The hurricane prompted the city to address part of the drainage problem.
"We cleared out the drainage ditches on the shoulders of the course that we've been trying to clear out for 10-plus years," Robbins said. "As a result, many of our holes are draining significantly better."
Robbins said drainage issues remain, since some pipes under the course likely have been clogged or crushed over decades of use. Similarly, he said, the clubhouse roof still needs to be repaired.
If Brigantine wants to boost revenue, he said it may need to renovate and expand the clubhouse. Its dining room can't accommodate a full outing of 144 people.
Putting a price on such improvements is not an exact science.
Councilman Tony Pullella said a 2005 study put the cost between $1.5 million and $2 million. Accounting for inflation and continued damage over the intervening eight years, he estimates the cost now is probably between $2.5 million and $3 million.
The city is considering a $281,000 bond that would replace golf course equipment destroyed in Sandy and initial improvements to the clubhouse and greens.
"I don't have have an issue with bonding money like this in an emergency situation," Pullella said. "However, this is a Band-Aid, and (The Links) needs heart surgery."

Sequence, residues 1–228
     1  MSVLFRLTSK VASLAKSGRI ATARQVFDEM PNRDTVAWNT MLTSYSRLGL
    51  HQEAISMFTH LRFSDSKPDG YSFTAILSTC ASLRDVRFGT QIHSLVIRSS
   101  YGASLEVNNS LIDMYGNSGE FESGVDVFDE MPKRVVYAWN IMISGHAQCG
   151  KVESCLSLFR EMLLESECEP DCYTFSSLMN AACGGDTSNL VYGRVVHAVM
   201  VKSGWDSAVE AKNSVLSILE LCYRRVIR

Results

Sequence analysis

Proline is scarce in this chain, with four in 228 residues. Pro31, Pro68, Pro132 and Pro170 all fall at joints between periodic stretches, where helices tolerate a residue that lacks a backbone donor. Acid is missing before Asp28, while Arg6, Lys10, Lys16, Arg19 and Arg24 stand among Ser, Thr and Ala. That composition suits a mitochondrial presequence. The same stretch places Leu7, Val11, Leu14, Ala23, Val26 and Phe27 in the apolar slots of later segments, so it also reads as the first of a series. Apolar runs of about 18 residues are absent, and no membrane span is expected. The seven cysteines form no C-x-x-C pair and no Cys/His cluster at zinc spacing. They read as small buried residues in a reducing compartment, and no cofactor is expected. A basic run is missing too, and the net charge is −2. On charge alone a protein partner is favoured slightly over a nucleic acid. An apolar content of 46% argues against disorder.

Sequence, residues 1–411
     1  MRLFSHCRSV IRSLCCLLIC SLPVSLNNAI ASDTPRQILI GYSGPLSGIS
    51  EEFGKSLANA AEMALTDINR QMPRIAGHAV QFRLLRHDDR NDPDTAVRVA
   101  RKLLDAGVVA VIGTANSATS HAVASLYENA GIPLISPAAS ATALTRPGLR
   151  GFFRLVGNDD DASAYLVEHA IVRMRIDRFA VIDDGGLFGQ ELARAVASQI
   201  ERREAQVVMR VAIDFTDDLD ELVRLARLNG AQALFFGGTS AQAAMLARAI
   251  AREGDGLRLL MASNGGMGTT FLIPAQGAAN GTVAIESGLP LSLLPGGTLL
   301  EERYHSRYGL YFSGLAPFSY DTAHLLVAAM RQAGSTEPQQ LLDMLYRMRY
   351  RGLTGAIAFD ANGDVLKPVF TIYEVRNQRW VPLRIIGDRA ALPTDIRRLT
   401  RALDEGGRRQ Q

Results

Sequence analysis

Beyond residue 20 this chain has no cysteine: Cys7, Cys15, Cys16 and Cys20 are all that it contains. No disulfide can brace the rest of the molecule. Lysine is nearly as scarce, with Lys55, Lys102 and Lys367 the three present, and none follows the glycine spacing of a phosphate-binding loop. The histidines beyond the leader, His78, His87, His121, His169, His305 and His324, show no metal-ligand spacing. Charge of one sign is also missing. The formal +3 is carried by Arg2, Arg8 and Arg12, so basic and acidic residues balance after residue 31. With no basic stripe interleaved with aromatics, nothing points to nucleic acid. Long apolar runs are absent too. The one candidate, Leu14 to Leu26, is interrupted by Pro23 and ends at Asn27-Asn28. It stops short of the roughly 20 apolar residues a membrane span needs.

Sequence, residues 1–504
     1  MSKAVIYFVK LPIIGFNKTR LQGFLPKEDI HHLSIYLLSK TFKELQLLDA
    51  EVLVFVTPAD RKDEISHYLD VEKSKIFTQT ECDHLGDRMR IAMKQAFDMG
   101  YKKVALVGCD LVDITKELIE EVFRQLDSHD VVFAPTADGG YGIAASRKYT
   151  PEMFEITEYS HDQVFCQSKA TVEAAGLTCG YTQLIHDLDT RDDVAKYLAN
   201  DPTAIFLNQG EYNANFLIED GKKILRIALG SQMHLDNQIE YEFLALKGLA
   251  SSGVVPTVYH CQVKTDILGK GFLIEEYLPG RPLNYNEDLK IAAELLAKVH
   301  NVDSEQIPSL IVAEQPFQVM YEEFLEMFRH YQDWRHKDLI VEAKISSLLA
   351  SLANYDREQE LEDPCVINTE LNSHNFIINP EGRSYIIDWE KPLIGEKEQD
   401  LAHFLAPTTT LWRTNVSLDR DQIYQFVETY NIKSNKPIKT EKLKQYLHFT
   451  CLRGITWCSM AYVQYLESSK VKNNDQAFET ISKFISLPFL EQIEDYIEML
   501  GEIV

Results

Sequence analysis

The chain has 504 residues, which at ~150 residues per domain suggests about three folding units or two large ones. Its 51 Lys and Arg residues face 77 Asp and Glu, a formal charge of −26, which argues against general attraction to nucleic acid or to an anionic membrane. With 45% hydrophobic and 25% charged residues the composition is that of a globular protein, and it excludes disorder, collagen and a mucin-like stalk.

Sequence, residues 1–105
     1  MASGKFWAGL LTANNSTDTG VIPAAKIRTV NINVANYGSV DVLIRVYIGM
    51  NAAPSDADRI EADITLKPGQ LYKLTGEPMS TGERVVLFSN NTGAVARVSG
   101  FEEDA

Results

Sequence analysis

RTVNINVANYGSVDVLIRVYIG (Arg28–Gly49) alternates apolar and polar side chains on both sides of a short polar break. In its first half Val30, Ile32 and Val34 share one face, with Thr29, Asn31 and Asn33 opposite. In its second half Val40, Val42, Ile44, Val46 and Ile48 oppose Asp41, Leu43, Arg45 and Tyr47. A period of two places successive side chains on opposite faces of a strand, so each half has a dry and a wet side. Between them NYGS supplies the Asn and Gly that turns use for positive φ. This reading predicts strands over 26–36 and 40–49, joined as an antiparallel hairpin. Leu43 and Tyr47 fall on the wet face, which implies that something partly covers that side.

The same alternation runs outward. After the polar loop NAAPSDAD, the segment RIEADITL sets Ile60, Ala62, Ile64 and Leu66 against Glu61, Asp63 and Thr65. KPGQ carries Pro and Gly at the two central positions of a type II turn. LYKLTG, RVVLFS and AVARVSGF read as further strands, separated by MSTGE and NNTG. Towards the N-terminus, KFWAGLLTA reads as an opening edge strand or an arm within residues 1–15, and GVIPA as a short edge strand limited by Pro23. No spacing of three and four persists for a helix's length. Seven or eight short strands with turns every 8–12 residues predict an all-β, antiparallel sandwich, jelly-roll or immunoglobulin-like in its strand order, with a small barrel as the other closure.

Pullella has put forth a plan to hire a consulting architect to look at what improvements will be needed. Using the architect's recommendations, the city would enter into a long-term, 20- or 25-year lease with a third-party operator who would make the necessary investments.
"They will incur the cost of capital improvements, all of the maintenance and whatever it takes to make this a quality, competitive course," he said. "Thereby minimizing the tax liability on taxpayers."
Not everyone agrees.
"Redesigning the course would probably be a two-year process, at least," said Councilman Andrew Simpson, who represents the ward in which The Links is located. "So who pays for that time we're shut down?"
And mortgage payments would continue during that time, he said.
Joe Dempsey, a 60-year-old resident who lives near the course, said he's happy with the improvements made after Sandy and doesn't want the city to "throw money down the drain" turning it into a state-of-the-art course. "Not many people pay $150 to play golf in this economy," he said.
Anne Philips, of the Brigantine Taxpayers Association, said the issue requires serious attention because "taxpayers should not be subsidizing a golf course."
The ultimate question is whether the amount needed to refurbish the course realistically can be made back, said Gary Shea, a resident who sells package golfing tours in the region. He said he's had a difficult time attracting players to Brigantine with so many newer, better maintained facilities in South Jersey.
"Golf is a very risky business," he said. "Guys don't buy golf courses because they're looking to get rich."
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Brigantine Golf Course Utility fund balance